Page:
Kult of Taurus are a Greek five-piece who released their debut full-length, Divination Labyrinths, late last year via the always-reliable Forever Plagued Records. While their home country has an incredibly rich black metal tradition, the band largely eschews the tried ‘n’ true genre tropes in favor of a more dynamic, somewhat experimental approach that’s much closer to latter-day Deathspell Omega than to say, Rotting Christ. Indeed, the quintet’s debut album is a breath of fresh air, but it seems to have flown under most listeners’ metal radars.
The first thing you’re likely to notice about Divination Labyrinths is the guitar-work. Guitarists Bile and Sythanagon pile on riff after riff, ranging from old-school tremolo picking to bouts of discordant, dissonant insanity, making for a listen chock-full of surprising twists and turns. You never know quite where Kult of Taurus are going to go next on any given track, but somehow it all flows together perfectly thanks largely to this six-string sorcery. Indeed, the guitars are the album’s dizzying focal point, grabbing hold of the listener and taking him/her deep into the uh, labyrinthine confines of songs such as “Channeling End” and “Tree of Gifts Pt. 1 – Void.”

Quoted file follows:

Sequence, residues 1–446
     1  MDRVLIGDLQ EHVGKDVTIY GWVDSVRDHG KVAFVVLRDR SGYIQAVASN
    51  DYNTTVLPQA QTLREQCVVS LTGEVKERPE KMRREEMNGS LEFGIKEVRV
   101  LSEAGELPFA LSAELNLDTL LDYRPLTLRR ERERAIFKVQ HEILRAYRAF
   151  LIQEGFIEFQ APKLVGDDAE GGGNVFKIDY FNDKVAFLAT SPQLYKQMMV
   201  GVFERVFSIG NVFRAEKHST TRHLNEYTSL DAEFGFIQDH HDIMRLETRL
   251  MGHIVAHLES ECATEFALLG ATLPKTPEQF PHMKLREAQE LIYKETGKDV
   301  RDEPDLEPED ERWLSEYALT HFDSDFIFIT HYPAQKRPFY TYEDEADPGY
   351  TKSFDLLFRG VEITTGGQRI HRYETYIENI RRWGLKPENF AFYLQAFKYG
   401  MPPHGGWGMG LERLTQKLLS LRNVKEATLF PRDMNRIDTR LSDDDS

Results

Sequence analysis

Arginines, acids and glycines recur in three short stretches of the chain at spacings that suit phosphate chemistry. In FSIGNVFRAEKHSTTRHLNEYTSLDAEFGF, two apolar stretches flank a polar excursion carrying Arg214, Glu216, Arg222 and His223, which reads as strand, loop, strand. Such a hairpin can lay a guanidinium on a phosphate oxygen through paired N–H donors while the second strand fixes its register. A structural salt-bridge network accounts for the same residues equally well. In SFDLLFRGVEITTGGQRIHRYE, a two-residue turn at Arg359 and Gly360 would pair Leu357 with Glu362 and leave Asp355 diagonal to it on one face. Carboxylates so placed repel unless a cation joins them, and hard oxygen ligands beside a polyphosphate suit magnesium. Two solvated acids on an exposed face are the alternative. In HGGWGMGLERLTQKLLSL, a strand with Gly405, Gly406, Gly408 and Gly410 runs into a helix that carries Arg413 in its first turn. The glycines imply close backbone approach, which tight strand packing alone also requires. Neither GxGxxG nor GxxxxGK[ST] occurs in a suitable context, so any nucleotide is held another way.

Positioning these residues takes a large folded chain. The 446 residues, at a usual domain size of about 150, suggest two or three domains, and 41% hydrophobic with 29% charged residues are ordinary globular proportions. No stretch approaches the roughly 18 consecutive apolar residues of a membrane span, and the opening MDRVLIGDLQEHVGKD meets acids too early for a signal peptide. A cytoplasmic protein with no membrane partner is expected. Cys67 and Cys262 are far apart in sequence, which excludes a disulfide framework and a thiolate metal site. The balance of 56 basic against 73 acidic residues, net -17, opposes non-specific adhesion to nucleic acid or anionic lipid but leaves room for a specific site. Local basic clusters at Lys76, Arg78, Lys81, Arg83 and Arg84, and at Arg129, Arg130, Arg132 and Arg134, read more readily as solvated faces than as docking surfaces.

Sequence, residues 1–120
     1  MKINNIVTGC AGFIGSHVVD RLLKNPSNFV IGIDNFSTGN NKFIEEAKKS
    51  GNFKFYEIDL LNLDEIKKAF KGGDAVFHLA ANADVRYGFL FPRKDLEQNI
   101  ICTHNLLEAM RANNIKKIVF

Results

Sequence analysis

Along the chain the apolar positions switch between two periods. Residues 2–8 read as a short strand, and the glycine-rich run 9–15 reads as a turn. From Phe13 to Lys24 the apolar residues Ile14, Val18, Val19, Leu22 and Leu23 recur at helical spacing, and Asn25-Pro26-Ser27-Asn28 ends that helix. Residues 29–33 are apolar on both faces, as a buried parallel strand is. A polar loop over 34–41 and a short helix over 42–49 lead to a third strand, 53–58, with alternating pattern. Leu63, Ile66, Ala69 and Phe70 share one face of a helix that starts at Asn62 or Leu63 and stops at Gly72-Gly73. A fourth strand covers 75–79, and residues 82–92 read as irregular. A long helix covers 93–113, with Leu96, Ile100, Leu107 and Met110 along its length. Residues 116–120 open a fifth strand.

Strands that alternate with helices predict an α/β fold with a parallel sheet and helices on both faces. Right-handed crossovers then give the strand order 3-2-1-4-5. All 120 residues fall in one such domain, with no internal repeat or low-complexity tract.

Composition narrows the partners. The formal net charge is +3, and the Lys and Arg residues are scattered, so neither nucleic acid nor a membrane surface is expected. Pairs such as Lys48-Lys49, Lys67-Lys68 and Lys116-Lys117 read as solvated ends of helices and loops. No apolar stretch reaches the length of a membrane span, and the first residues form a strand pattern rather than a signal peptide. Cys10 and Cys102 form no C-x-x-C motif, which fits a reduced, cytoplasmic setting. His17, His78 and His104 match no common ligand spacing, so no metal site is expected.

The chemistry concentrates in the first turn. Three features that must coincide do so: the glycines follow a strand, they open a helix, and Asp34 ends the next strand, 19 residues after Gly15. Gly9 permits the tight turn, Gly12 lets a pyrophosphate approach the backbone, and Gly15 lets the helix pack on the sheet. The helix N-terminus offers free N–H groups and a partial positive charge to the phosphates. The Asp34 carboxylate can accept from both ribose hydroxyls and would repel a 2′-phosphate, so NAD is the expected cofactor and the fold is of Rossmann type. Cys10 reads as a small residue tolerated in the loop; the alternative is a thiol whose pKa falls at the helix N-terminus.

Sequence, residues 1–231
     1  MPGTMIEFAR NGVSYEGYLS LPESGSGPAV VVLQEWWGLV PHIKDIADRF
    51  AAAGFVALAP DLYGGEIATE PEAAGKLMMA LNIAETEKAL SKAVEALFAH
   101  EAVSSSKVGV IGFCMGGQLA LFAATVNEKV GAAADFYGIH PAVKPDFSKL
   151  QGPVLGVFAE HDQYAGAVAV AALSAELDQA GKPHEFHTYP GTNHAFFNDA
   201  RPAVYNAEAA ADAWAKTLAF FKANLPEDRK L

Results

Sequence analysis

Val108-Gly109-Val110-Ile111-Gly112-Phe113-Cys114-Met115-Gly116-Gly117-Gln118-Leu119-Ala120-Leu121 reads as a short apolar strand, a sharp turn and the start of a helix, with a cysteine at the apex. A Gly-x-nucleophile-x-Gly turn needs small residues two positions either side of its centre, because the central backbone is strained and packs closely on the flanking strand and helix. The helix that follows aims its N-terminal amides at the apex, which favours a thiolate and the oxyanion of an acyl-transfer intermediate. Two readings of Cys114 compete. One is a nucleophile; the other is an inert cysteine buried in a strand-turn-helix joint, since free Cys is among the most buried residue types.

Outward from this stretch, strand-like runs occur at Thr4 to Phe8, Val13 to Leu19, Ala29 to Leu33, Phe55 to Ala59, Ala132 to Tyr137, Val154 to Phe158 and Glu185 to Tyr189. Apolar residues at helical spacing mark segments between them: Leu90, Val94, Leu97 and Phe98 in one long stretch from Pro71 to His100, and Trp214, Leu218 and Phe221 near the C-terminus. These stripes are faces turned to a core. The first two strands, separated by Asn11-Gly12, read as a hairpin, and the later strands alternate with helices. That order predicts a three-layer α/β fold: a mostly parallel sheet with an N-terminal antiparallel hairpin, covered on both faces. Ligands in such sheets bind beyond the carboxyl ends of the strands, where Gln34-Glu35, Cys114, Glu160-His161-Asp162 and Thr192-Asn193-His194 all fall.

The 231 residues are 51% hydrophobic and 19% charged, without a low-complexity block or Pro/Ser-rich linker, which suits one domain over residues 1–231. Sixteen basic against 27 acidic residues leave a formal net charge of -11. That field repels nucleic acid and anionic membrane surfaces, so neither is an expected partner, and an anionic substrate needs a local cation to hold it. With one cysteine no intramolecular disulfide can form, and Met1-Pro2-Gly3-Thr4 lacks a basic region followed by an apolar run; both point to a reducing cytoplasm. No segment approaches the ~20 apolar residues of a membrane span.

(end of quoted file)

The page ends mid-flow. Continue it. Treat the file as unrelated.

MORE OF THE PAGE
The album possesses a crisp, clear production scheme, with just enough separation between instruments to allow one to hear exactly what each musician is doing, and Sarpedon’s harsh, throaty vocals sit in the mix perfectly without overwhelming the music. Kult of Taurus also incorporate some electronic/synth elements throughout Divination Labyrinths, at times infusing the recording with an atmosphere more reminiscent of industrial music than the typical symphonic black metal keyboard-work. This makes for a unique contrast with the gritty, serpentine riffing and schizophrenic drums.
Overall, Divination Labyrinths is an excellent debut album and essential listening for fans of black metal that’s slightly left-of-center. Kult of Taurus is a band with worlds of potential if this recording is anything to go by, and the best part might just be that it’s next to impossible to discern where they’ll take things next. If you didn’t hear this one last year, get on it, ASAP.